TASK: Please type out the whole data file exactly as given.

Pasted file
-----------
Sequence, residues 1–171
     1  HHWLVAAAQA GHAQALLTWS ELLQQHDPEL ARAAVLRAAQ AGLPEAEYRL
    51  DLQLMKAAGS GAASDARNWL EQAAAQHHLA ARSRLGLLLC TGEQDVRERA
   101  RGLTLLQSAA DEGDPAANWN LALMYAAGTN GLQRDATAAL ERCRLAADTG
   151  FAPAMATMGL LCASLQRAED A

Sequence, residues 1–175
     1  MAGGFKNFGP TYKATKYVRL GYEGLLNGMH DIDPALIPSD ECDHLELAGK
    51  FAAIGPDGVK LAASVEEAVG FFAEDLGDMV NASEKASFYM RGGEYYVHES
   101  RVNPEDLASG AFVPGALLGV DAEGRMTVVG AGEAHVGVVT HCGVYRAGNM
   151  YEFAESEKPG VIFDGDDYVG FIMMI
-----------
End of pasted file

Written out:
Sequence, residues 1–171
     1  HHWLVAAAQA GHAQALLTWS ELLQQHDPEL ARAAVLRAAQ AGLPEAEYRL
    51  DLQLMKAAGS GAASDARNWL EQAAAQHHLA ARSRLGLLLC TGEQDVRERA
   101  RGLTLLQSAA DEGDPAANWN LALMYAAGTN GLQRDATAAL ERCRLAADTG
   151  FAPAMATMGL LCASLQRAED A

Sequence, residues 1–175
     1  MAGGFKNFGP TYKATKYVRL GYEGLLNGMH DIDPALIPSD ECDHLELAGK
    51  FAAIGPDGVK LAASVEEAVG FFAEDLGDMV NASEKASFYM RGGEYYVHES
   101  RVNPEDLASG AFVPGALLGV DAEGRMTVVG AGEAHVGVVT HCGVYRAGNM
   151  YEFAESEKPG VIFDGDDYVG FIMMI